"If a superior man abandon virtue, how can he fulfill the requirements of that name?
"The superior man does not, even for the space of a single meal, act contrary to virtue. In moments of haste, he cleaves to it. In seasons of danger, he cleaves to it.
"Is any one able for one day to apply his strength to virtue? I have not seen the case in which his strength would be insufficient.
"A scholar, whose mind is set on truth, and who is ashamed of bad clothes and bad food, is not fit to be discoursed with.
"The superior man, in the world, does not set his mind either for anything, or against anything: what is right he will follow.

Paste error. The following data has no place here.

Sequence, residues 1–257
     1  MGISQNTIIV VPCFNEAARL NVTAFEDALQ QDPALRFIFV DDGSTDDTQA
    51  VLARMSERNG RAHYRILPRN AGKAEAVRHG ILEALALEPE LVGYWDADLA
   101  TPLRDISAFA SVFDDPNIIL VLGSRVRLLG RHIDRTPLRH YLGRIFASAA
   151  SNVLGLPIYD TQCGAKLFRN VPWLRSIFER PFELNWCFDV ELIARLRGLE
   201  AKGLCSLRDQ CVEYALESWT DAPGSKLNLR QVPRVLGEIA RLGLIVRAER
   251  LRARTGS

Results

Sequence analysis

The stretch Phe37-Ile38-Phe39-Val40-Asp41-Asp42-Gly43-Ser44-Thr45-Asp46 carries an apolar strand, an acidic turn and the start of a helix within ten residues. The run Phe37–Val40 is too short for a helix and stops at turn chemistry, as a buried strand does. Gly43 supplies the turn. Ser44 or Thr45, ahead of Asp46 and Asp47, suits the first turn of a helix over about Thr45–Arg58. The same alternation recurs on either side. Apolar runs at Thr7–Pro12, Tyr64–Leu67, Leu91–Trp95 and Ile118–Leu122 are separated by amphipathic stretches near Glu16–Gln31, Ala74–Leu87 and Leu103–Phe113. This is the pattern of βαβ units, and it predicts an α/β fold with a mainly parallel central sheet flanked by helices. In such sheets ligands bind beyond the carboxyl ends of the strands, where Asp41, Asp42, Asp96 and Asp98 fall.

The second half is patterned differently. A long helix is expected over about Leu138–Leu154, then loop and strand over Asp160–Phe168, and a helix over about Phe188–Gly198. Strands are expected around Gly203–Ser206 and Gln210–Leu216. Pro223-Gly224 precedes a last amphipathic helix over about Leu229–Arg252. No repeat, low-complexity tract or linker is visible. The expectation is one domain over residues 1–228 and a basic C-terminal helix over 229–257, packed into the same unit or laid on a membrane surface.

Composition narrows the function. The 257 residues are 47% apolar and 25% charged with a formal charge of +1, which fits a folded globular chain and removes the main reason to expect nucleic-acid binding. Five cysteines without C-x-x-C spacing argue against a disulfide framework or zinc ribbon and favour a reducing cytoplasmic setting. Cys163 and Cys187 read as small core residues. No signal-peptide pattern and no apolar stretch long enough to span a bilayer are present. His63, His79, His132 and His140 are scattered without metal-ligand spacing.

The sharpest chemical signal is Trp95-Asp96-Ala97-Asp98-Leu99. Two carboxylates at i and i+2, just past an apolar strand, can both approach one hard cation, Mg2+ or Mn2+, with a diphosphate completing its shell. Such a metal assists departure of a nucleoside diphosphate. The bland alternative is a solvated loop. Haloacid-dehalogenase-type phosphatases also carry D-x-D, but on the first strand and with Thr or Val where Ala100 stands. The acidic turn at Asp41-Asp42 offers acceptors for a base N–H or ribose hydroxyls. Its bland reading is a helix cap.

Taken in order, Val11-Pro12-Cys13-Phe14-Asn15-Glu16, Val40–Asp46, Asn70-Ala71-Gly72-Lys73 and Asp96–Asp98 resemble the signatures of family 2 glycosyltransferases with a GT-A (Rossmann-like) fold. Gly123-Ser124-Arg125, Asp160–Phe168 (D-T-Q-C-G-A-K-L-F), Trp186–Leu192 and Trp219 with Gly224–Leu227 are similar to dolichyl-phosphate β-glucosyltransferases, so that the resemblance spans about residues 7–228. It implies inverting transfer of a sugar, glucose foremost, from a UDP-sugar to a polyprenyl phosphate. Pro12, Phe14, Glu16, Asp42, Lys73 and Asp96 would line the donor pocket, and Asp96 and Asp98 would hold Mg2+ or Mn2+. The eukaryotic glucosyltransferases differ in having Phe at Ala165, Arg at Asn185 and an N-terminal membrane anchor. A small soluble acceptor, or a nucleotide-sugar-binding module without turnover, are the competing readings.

"The superior man thinks of virtue; the small man thinks of comfort. The superior man thinks of the sanctions of law; the small man thinks of favors which he may receive.
"A man should say, I am not concerned that I have no place, I am concerned how I may fit myself for one. I am not concerned that I am not known, I seek to be worthy to be known.
"The Master said: 'My doctrine is that of an all pervading unity.'
"The Master went out, and the other disciples asked, saying: 'What do his words mean?' Isang said: 'The doctrine of our Master is to be true to the principles of our nature and the benevolent exercise of them to others — this and nothing more.'